Looking for the Bright Rectangle
SYDNEY—What do we like so much about seeing sunlight cover a baseball diamond or a soccer pitch or a tennis court? It might have to do with the way the field of play grabs something that's normally elusive, organizes it, and reflects it back to us in a way that we can understand.
I keep this theory in mind each summer in New York when I get to my tennis club for the first time and find the courts shining in the sun. It’s as if they’ve taken all of the light for themselves and left none for anything else. I thought the same thing this month during the Australian summer, on the days when the sun was out and it blazed across Rod Laver Arena.
You’ve almost certainly seen photos taken from the catwalk at the top of Laver, with the Melbourne skyline in the distance. Inside, the narrow way the light is framed—the backs of the court are left in shade—is also striking. Surrounded by dark, the brightness in the middle of the court is intensified. Sometimes it seems that the heat is as well. On hot days, those with the misfortune of sitting in the sun will fan themselves relentlessly, while the rest of us wonder what their problem is. It doesn't feel so hot to us.
The subject of bright rectangles popped into my mind at another spot in Melbourne this time. Late in the tournament, when the number of matches each day dwindled to one, I managed to break free of my usual orbit—hotel, café on the corner, tennis courts—and walk the dozen or so blocks to the National Gallery of Victoria art museum. The NGV has two locations near each other, but I had only been to the newer, less appealing version. It turns out all I had to do was turn one more corner to find the much more impressive International building.
On the way there I walked through the Fitzroy Gardens, a regally landscaped green rectangle of its own in the heart of the city, home to local layabouts and camera-wielding tourists. Without tennis to focus on, my mind suddenly bounced all over the place. It slipped and skipped from bad memories to irrational anxieties as if blown by the same wind that was bending the trees in the park. As Philip Larkin wrote, "Walking around the park/Should feel better than work"—except that, to minds accustomed to being occupied, it often doesn't.
This is the curse of the solo traveler. With no routine to fall back on, no work to worry about, no appointments to keep, none of the brain’s regular boundaries in place, it can run wild. That can be liberating for a time—everything you’re taking is new. It can also be wearying. Montaigne said that he hated to leave his mind alone, because left to its own devices it would dredge up “monsters from the deep." He also said we shouldn’t be surprised by its unruly fluidity. Everything, including us, is liquid, is in flux. We would understand that better if time were sped up and we could see the changes—in weather, in the seasons, in what the years does to all surfaces—happen in front of our eyes. Routine and a desire for the familiar is the defense we build against all of this.
(Not that absolutely everything is unfamiliar to an American in Australia. You’d think we’d feel right at home in a place that runs our sitcoms 24/7; where the locals refer to our Secretary of State as “Hillary” and voice approval of her new glasses; and where the sides of buses are currently adorned by the Kardashian sisters.)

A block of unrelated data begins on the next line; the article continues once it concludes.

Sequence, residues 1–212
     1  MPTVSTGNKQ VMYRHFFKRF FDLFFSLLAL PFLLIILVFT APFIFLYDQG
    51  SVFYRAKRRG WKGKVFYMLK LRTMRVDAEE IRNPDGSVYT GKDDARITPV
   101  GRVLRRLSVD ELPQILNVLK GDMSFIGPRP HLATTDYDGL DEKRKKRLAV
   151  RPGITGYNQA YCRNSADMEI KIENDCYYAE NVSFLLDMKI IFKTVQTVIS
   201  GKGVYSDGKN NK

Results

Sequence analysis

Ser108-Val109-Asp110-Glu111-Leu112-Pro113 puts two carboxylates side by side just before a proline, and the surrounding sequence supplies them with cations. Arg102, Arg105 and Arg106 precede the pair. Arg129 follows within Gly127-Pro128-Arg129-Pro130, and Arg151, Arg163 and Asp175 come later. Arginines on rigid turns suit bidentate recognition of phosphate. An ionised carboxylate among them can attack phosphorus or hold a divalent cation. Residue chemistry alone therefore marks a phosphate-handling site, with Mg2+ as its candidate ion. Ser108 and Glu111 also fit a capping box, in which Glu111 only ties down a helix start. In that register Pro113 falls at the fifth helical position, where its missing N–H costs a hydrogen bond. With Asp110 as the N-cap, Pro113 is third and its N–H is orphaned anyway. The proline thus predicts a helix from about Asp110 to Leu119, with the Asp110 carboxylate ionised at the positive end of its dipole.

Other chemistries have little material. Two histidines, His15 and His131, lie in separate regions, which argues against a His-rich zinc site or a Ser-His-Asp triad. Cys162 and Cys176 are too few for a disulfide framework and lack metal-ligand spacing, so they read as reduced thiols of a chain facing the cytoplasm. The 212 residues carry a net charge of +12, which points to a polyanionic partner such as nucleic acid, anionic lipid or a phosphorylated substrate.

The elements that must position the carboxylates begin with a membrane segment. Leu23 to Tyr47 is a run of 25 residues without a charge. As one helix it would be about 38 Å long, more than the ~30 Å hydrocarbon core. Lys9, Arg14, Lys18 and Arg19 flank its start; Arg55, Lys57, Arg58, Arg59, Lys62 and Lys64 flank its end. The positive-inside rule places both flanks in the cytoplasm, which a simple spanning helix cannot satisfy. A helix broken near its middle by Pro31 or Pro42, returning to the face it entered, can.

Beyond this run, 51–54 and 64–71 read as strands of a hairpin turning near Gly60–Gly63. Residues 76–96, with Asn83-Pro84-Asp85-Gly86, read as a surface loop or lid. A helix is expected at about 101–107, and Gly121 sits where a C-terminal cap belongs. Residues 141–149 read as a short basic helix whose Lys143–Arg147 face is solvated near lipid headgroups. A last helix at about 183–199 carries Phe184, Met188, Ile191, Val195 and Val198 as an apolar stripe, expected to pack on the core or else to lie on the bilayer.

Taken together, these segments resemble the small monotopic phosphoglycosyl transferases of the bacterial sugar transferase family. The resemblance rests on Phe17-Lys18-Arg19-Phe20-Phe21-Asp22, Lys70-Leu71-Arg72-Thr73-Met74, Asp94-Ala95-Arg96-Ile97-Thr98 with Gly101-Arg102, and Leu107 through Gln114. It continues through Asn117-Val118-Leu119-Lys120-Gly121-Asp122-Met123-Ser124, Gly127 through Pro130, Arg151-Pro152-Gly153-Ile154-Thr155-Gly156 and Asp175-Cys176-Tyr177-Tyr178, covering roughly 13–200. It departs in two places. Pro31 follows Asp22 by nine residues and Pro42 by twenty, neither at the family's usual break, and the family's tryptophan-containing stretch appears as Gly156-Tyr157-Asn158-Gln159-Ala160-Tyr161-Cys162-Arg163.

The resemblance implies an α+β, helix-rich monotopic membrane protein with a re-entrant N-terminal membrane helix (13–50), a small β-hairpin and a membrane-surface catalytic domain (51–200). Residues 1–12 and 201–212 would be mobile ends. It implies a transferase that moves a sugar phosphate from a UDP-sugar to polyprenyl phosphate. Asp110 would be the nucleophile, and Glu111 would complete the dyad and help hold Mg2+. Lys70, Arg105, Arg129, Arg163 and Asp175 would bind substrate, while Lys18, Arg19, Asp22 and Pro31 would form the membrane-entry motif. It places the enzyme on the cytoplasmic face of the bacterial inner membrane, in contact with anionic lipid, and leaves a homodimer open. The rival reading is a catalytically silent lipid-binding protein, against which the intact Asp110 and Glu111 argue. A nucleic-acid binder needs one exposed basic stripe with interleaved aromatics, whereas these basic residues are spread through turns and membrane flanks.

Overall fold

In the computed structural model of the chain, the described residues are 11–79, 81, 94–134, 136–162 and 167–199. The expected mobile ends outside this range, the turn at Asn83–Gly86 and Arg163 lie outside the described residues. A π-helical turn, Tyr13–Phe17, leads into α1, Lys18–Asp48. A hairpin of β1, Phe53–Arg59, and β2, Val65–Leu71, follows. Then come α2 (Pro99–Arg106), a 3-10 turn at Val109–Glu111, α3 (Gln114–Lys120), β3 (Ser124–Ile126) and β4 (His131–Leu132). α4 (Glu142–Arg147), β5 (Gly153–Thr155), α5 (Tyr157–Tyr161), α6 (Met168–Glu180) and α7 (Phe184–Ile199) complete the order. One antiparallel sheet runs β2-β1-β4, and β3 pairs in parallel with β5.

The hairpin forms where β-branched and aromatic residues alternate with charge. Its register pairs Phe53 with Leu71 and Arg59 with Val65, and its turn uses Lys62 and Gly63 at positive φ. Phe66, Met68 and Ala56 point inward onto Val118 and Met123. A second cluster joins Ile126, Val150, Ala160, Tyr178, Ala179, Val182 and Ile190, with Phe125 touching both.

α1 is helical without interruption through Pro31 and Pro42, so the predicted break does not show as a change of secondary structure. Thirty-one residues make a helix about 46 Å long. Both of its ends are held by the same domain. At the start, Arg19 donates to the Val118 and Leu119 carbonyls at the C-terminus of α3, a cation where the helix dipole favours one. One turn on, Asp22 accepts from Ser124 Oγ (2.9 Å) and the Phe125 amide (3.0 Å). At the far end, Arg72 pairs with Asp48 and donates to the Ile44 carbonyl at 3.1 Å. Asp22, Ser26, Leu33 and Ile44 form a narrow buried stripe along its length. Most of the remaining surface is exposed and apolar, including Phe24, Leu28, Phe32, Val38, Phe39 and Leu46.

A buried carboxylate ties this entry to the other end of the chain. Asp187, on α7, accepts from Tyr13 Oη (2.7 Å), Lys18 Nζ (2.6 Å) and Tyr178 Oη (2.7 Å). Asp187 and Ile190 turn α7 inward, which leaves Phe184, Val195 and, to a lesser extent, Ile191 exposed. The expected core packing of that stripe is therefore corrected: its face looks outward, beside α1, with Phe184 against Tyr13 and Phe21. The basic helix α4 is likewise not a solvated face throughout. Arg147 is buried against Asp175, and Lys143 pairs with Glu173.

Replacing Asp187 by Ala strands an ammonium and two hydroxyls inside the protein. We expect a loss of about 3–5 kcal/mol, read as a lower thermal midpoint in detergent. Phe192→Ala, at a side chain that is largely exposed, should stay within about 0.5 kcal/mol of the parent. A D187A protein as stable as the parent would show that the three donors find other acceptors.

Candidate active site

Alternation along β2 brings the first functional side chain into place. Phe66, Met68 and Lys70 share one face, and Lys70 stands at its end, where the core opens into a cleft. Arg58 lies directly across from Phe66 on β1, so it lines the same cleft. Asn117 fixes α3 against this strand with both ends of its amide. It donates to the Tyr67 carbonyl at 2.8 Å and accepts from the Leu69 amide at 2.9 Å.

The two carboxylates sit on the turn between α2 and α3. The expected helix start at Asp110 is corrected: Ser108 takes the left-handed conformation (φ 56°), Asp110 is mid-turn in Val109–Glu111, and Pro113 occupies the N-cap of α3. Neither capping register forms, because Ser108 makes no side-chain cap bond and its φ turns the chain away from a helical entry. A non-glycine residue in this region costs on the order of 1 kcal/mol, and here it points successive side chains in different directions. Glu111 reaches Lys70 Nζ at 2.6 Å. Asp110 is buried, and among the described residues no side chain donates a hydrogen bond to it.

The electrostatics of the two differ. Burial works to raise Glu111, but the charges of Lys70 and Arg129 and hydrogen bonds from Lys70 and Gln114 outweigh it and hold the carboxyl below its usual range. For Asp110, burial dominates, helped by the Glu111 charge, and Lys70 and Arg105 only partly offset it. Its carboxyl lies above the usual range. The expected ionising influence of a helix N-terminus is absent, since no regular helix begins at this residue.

I visited both versions of the NGV that afternoon. The best art was at the International, but the most memorable moment, to borrow a sportswriting cliché, came at the new site, at an exhibit of photographs by Canadian artist Jeff Wall. I knew immediately, when I turned the corner and saw the first piece, a giant work entitled “The Destroyed Room,” that I was in for something good (as you might be able to guess, that's it at right). Wall’s photos are oversize transparencies mounted in lightboxes, so they glow from the inside. It was the sunlight-on-a-tennis-court effect in reverse. Here was the world, as composed by Wall, fit into a rectangle, where you could understand it, and where my brain could find a focus after its wanderings.
This was true for all of the art I saw at the NGV. It was true of the Neo-Impressionist and contemporary paintings at the International building. What can you do with the surface of a rectangle? The idea was simple, but the possibilities infinite. The paint or the photo organized space and made it understandable. It gave the mind a boundary. Figuring out what's going on, on the surface of the artwork or on the surface of the court, is where the fun is.
Tennis is also absurdly simple: Hit a ball back and forth on a rigidly marked-off court that never changes shape or size. But the possibilities, from player to player and match to match, are infinite. For both of these reasons, the end of the Australian Open, like the end of every Grand Slam for me, is bittersweet, and maybe it has been for you, too.
On the one hand, after two weeks, I’d had enough of watching a ball cross a net. Just as, by the time I explored the two Melbourne museums, I’d had my share of staring into painted rectangles for the time being. (As much as I liked everything else, nothing hit me with the force of that first photograph by Wall.)
On the other hand, I've stayed in Sydney for a few days after the tournament; with lots of time for the brain to run wild, I've felt that familiar traveler’s psychological vertigo. I’ll look forward to seeing those rectangles again. Sunlight or no sunlight, the world inside the lines is a place I can understand.